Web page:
What a way to end the Hot Docs Filmmakers Series with Brett Story. Linda Barnard, as majestic as always, led the discussion on our final week together. Director of LAND OF DESTINY and A PRISON IN 12 LANDSCAPES.
Brett Story. Where do I begin? Brett proves that hard work, determination, and willpower are enough to produce the awe-inspiring and lyrical documentaries that she has been able to create in such a short period of time.
"I started in public radio," she said, admitting that film school was always in the back of her mind but never became a reality. And what might surprise you is that she admitted that there was never a gender distinction at the radio. Everyone was encouraged to learn the technology and master each skill. She honed in on her recording, editing, and interviewing skills here.
She later pursued a PhD in Geography, which she said really contributed to her ability to research and fund her projects!
"My greatest asset (or at least I think so) is that I am a listener." Brett insists on letting the interview flow organically, making sure the subject is comfortable and the people around him or her are okay with her filming.
What she learned early in the career is that cinema is a language that is more than just interview.
And Brett Story not only talks the talk, but walks it too! In a short clip from A PRISON IN 12 LANDSCAPES that was played during the session, this was beautiful evident. A man who was released from prison plays chess in Washington Park for money. The scene opens with a wide establishing shot of the older man playing a younger boy. The next shot is a medium close-up, focusing on the quick action on the chess board. Then a cut to what could have been a jarring shot of the subjects face up-close, talking about his life. Then two quick cuts of the subjects face and the boys face as they concentrate and continue to play the game.
Why is this so brilliant and lyrical? Shot choice, patience, and pacing. These three things that take people years to learn and master are evident in this young woman's early films (#BossLady). What this scene does is set the mood, concentrates on the action, and then asks WHY. So what? We see that the game of chess is a fast paced mental game - which is why the final shots rest on the faces and not the chess board itself. The extreme close-up would not work for many other filmmakers. It is quite jarring. But makes sense in this vignette. We get to see into the soul of this man and it feels so intimate that for a split second we are there in Washington Park. That is the so what - connecting with someone that has been labelled in society as a "criminal". We look past the label and see!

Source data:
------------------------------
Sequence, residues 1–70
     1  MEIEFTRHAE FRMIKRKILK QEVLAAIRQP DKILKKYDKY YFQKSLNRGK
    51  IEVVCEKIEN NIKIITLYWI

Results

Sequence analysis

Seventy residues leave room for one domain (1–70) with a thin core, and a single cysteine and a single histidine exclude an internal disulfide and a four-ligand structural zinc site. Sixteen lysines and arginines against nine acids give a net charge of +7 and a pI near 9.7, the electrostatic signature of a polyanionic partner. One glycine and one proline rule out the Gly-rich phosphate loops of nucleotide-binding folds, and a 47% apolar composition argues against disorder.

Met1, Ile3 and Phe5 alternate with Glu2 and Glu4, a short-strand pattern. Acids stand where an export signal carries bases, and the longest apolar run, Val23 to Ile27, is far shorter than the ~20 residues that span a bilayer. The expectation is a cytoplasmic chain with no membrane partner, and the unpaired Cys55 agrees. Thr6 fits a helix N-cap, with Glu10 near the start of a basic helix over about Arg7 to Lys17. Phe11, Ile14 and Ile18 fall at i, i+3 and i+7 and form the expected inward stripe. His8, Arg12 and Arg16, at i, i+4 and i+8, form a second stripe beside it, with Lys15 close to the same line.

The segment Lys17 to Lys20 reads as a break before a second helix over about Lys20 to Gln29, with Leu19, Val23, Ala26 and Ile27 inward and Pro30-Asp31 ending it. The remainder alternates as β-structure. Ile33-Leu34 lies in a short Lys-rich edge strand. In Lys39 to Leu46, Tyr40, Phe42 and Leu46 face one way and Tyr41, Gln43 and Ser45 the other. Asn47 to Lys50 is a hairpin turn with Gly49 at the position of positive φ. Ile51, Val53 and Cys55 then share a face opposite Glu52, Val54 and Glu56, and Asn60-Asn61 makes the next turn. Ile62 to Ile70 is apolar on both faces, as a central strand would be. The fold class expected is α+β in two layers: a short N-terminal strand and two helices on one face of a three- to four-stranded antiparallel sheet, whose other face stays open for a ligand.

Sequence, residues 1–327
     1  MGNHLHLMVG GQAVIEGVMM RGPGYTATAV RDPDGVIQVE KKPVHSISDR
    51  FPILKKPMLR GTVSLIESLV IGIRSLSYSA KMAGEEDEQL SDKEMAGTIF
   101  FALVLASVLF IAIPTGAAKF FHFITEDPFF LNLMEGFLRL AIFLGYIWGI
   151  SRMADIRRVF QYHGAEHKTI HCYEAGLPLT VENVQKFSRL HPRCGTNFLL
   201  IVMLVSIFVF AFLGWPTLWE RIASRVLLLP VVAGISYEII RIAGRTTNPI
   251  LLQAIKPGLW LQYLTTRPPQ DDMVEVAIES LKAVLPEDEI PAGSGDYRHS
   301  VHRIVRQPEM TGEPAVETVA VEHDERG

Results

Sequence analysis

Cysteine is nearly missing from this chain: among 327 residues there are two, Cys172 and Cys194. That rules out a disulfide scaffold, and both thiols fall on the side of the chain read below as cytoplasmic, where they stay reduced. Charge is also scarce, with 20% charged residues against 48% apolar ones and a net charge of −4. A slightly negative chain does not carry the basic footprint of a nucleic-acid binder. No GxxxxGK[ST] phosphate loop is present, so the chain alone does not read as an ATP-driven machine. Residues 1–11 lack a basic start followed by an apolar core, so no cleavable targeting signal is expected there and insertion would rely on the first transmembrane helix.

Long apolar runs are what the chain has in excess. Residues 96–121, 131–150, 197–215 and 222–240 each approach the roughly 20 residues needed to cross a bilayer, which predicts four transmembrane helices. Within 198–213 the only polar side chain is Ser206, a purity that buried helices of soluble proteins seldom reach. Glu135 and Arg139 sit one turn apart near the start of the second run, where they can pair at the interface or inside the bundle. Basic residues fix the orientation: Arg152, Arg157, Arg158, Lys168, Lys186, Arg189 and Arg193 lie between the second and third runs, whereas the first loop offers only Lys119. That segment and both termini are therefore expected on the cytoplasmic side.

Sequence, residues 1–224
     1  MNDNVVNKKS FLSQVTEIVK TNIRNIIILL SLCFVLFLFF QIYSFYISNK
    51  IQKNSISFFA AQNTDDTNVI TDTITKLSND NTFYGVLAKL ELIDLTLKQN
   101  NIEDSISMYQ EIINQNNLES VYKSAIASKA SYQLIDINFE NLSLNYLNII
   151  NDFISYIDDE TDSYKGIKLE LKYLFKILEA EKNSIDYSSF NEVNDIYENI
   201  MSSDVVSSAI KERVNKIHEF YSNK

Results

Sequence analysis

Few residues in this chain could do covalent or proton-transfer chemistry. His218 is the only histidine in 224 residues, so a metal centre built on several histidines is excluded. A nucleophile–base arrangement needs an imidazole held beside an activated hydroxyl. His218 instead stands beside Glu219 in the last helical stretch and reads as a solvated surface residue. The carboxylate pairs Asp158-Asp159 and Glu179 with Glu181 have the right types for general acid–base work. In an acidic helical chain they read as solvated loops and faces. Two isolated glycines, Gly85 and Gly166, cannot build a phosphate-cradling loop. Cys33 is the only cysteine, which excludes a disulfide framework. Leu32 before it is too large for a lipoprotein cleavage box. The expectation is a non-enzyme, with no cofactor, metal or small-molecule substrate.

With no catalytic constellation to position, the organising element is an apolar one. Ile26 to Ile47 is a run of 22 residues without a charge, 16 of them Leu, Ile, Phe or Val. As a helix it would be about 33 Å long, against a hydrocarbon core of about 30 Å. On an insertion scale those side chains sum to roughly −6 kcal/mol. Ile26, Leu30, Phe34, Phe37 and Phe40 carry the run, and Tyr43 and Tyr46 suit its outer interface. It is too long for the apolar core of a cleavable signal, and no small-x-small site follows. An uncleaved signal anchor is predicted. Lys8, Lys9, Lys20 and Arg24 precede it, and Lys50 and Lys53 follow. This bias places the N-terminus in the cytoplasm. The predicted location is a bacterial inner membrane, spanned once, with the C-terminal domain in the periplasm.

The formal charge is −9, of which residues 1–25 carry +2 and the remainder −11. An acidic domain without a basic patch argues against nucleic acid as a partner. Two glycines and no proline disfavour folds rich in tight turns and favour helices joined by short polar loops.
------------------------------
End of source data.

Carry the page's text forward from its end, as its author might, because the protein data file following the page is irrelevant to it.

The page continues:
Linda Barnard said that "Brett Story is socially engaged, but visually driven."
Brett truly captures what I think people tend to forget: documentary is an art! There is a poetic non-linear aspect to her work that allows her to see the big ideas and focus on minute details. She isn't afraid to offer sequences that are associative. It just means that the audience is invited to make connections themselves.
And her role is to allow people to enter into a space at different angles.
"That is the beauty for me. The afterlife of a documentary." - Brett Story.
"it isn't enough to have two ideas, you need a third. For something to become a piece of cinema it needs part three."
Brett Story sought out a female cinematographer for 12 LANDSCAPES because she needed someone who was patient, quiet, and a good listener. While many cinematographers who are male possess those qualities, she said she had a few bad experiences and had her authority as director challenged too much.
The take away, especially in documentary, is that you have to surround yourself with people who believe in what you are doing.
A truly inspiring lady that made me want to get up and push and work even harder! Thank you Hot Docs, Linda Barnard, and Brett for a wonderful morning together!